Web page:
45 FUNCTIONAL VOCATIONAL EVALUATION: This can be formal or informal. It is a strategy used to get an idea of what someone s skills, abilities and support needs are in terms of employment. A functional vocational evaluation can be performed by the school or by an employment vendor in the community. The process should help you understand what environments and supports work best for you and identify different tasks that you could do in the community. This assessment should NOT determine whether or not you are ready to work in the community. It should describe the conditions (including supports) that will enable you to be most successful in a community job. Your IEP team will discuss whether or not you would benefit from a Functional Vocational Evaluation. Planning Workbook 43

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47 What agencies can help me get to where I want to be after graduation? Planning Workbook 45

48 STEP FOUR: THINK ABOUT WHO CAN HELP YOU MEET YOUR GOALS AND CONTINUE SETTING NEW ONES. A big part of planning for your life after high school is thinking about what services and supports you might need once you graduate. For example, what kind of supports might you need to get the job that you want? To live as independently as possible in your community? To lead an active life? The people who help you at school are not usually the same people who will help you after you graduate. A major part of Transition Planning is connecting you and your family with adult agencies who might provide or pay for services as you are finishing high school and after you exit high school. The school is required to help you and your family identify and connect with the appropriate agencies. Many times, adult agency representatives will be invited to your IEP meeting or information from the agencies will be shared at your meeting. It is up to you and your family to follow through with each agency, to apply for their services, and to complete their eligibility processes. Your transition from high school will be smoother if you connect with the agencies that will help you after graduation BEFORE you exit school. Important differences between schools and adult agencies: 1. If you are a student with a disability and you qualify for special education services, the schools must provide you with those services. This is called an entitlement. Once you exit high school, services are provided by adult agencies. You have to apply for the services and even if you apply and meet all the qualifications, you may not receive the services or may not receive them right away. This is because adult services are based on eligibility and availability. There are 2. waiting lists for some adult services. Even if you qualify for services as an adult, you may have to wait until an agency can serve you, or you might have to find other ways to get the help you need. 46 Planning Workbook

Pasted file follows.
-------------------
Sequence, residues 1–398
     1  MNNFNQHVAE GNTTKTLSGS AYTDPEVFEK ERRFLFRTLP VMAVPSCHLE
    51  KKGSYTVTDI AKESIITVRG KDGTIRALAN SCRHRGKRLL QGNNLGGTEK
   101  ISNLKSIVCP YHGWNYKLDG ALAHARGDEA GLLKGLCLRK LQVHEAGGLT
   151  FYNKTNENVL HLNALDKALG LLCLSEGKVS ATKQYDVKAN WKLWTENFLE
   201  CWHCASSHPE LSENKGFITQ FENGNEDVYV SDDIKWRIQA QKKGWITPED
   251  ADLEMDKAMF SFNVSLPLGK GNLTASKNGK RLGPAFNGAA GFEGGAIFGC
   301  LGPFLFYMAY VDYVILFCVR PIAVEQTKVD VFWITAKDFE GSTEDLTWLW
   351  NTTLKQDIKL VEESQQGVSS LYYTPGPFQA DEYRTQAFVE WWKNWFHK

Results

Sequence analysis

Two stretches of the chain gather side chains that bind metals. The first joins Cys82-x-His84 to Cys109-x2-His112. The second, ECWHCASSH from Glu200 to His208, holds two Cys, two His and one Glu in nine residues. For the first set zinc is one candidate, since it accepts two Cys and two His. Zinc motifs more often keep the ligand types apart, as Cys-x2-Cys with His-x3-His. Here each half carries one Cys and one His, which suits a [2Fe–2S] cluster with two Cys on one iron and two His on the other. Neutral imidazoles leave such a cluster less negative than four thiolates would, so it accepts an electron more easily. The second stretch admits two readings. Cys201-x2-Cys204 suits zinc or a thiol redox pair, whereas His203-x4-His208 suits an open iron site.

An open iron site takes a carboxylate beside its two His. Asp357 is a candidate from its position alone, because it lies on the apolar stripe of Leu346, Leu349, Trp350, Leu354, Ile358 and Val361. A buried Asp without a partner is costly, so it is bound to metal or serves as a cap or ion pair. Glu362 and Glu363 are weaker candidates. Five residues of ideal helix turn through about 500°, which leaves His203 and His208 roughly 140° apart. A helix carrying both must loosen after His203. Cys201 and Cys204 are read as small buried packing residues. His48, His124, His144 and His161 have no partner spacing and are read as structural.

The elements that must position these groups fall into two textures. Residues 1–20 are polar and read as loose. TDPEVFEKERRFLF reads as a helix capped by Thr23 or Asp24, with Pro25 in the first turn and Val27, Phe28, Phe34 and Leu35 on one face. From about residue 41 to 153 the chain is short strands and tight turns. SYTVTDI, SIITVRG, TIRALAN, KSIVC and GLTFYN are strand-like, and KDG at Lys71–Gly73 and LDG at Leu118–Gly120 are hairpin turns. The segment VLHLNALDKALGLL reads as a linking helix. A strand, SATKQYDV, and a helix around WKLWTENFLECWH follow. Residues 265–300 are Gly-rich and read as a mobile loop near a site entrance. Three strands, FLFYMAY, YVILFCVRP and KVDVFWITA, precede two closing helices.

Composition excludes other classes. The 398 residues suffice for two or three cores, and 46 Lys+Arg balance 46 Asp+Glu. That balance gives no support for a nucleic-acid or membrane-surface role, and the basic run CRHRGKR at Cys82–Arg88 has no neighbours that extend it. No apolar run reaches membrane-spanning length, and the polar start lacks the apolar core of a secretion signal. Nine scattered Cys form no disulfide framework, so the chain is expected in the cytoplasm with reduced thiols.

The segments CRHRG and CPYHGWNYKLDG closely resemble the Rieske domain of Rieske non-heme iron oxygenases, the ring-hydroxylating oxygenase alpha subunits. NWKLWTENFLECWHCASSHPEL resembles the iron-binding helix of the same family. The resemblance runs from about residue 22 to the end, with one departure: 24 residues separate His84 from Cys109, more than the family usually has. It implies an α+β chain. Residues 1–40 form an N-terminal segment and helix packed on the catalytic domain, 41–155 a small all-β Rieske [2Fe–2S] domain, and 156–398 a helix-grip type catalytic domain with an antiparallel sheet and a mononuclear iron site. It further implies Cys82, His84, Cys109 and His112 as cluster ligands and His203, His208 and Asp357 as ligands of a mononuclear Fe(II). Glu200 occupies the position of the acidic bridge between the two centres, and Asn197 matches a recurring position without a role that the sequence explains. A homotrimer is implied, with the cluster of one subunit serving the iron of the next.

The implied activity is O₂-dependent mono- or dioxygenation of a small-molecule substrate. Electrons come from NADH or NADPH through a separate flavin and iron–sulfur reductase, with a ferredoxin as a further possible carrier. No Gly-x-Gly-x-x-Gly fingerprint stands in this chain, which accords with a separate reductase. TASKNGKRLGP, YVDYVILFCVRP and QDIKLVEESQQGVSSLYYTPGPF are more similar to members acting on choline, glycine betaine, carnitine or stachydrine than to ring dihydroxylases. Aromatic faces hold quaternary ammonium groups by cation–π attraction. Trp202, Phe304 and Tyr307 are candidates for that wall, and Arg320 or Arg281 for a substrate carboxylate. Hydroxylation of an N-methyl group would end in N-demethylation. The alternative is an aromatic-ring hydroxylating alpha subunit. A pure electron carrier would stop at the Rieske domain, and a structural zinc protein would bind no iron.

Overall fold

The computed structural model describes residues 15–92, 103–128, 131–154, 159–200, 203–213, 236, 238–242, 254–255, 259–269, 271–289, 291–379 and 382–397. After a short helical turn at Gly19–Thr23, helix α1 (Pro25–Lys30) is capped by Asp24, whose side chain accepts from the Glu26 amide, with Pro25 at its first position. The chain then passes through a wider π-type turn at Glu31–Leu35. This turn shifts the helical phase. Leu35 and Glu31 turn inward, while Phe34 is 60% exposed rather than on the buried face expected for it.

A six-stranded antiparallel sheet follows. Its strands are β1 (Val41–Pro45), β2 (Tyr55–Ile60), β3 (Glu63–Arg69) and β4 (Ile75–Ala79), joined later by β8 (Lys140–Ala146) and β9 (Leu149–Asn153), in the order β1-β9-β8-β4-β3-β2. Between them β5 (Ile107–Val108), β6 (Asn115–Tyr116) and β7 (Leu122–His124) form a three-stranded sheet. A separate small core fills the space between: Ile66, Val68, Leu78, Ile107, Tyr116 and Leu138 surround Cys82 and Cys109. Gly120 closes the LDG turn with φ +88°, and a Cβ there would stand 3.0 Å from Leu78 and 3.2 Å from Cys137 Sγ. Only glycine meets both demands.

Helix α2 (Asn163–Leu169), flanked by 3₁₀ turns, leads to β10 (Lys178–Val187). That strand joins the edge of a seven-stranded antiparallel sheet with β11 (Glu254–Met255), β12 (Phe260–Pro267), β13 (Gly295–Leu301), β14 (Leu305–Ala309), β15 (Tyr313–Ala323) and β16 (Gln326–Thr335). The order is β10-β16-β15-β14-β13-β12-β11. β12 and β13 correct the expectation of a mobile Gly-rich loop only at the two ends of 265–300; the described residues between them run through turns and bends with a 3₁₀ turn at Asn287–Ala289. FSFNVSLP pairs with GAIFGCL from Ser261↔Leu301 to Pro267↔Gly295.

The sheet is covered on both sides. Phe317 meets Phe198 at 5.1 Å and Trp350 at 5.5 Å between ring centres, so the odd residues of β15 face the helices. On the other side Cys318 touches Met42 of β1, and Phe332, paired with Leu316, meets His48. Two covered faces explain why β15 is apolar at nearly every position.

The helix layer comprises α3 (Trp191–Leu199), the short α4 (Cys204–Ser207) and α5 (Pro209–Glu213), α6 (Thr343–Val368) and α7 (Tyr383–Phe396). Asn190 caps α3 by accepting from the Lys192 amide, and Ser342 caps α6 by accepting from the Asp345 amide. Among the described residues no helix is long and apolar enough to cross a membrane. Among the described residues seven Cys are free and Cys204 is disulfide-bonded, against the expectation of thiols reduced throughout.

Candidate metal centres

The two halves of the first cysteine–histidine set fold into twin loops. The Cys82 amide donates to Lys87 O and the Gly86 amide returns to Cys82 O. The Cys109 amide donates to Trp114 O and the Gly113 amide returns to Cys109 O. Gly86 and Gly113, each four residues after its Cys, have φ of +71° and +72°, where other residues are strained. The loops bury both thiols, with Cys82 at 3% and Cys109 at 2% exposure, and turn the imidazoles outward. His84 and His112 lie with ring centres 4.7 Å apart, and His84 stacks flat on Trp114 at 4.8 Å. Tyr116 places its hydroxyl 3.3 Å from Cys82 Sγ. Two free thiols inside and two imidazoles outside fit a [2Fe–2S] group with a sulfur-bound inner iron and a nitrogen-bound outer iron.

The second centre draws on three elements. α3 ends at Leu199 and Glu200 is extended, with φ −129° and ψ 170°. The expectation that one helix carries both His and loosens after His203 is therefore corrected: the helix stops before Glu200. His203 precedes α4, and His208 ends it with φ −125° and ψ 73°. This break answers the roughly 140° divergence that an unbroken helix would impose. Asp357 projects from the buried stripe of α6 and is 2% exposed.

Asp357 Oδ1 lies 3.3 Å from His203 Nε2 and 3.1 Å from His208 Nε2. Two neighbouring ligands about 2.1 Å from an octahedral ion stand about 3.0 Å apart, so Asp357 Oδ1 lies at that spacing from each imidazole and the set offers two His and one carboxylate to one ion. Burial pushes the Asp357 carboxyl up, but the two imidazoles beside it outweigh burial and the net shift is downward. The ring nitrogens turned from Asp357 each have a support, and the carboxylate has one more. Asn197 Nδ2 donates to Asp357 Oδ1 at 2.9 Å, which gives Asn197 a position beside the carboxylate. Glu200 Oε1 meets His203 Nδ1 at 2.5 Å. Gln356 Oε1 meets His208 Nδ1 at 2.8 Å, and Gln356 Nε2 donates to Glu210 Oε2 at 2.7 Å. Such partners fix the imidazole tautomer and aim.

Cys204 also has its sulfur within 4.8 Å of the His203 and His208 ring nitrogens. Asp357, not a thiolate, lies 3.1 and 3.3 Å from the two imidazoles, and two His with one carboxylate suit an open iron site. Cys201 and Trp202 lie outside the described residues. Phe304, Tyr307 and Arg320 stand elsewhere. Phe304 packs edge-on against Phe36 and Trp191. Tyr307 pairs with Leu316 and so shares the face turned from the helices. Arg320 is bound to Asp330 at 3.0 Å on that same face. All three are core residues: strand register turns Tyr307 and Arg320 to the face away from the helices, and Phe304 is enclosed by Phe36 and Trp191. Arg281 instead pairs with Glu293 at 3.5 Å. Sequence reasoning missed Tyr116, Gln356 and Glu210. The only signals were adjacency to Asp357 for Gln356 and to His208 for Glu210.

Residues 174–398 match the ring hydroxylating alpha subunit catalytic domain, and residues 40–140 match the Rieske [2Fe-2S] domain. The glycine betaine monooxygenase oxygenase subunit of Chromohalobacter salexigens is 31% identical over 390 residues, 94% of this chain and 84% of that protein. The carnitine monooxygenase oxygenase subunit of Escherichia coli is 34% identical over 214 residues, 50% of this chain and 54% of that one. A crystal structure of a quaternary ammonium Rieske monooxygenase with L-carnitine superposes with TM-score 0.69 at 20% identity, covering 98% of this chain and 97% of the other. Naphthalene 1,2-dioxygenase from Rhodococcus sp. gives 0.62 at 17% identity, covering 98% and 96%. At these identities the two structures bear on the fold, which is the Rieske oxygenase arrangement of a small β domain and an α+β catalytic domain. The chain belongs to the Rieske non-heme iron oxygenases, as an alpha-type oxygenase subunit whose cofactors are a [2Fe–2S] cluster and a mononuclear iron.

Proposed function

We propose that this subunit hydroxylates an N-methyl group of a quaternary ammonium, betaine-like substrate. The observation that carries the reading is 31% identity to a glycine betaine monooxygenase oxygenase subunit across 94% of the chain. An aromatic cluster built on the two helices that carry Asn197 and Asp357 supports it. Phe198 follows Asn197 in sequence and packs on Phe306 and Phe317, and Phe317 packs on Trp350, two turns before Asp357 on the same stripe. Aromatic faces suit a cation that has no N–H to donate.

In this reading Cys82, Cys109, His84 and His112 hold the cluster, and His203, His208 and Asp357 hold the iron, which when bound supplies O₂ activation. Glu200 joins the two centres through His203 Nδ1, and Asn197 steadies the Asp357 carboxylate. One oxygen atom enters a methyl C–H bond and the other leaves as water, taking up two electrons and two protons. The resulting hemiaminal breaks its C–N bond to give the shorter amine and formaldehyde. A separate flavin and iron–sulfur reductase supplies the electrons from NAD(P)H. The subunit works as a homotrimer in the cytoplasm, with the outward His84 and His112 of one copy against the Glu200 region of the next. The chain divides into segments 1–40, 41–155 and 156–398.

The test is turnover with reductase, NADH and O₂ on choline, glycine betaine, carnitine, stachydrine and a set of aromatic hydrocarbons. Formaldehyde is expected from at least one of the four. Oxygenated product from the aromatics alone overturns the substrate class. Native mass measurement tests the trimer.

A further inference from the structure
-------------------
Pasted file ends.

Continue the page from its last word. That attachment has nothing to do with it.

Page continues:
49 3. In schools, most services that you need are coordinated by one person, your special education teacher or case manager. After graduation, you or a family member might need to coordinate your own services. (Sometimes a Developmental Disabilities or Mental Health case manager can help with this but not always.) 4. Eligibility requirements may be different for children and for adults. They may also be different for people who are still in school and those who are finished with school. Planning Workbook 47

50 Which agencies or services could help me to reach my goals? There a many different agencies, programs and services that might be able to help you reach your goals. The following pages will tell you about some of the resources available. You can also talk to your parents, the parents of other young people with disabilities, teachers, people providing you services right now, and adults with disabilities who are successfully living in your community they might have other ideas for you. The Internet can be another source of information. You can do a Google search for specific topics like accessible housing or customized employment for people with disabilities. Here is a website that will give you information and contact numbers for various adult service agencies in Montana: Many disability services are deficit-based. This means that when you apply for these services, you will often be asked to describe what you cannot do well or at all. You may also be asked about what supports help you function at home, at school, and in your community. Learn what the application forms are looking for and how eligibility for particular services is determined. You might want to have someone from school, your case manager, or a peer mentor from the local Independent Living Center help you complete the paperwork. Informal or creative support: Sometimes you may choose not to use an agency to help you or there might be a long wait to get help from that agency. Get creative! Could a friend help you get to work? Could you exchange free or reduced rent for someone to live with you and provide some help? Could a co-worker help you punch in on the computerized system at work? 48 Planning Workbook